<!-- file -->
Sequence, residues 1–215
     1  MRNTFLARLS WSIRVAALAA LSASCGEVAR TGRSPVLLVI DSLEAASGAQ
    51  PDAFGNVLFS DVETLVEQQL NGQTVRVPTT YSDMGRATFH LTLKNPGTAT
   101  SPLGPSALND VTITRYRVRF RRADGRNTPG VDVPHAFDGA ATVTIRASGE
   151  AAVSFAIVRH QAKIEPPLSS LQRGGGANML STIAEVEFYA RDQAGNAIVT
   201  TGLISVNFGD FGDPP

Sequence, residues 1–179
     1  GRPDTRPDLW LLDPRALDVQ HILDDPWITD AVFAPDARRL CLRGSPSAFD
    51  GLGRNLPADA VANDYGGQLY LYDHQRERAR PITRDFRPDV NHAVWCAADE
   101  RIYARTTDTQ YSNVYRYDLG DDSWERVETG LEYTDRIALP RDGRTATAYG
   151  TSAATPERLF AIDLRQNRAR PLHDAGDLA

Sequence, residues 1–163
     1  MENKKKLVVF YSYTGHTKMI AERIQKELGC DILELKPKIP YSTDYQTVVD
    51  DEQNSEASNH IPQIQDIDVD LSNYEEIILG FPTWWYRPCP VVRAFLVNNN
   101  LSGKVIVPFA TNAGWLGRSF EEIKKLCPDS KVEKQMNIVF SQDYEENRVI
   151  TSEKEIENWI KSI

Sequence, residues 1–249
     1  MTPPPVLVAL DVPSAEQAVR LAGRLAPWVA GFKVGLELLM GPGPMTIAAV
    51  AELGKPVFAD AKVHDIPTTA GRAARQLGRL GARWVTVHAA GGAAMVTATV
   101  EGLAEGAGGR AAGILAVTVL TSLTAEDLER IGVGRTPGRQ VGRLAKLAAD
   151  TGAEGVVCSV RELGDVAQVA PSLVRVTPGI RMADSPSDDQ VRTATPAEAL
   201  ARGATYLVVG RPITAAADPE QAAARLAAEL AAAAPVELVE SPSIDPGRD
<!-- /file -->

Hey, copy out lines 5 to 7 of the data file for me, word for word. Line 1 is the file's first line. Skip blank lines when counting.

   151  AAVSFAIVRH QAKIEPPLSS LQRGGGANML STIAEVEFYA RDQAGNAIVT
   201  TGLISVNFGD FGDPP

Sequence, residues 1–179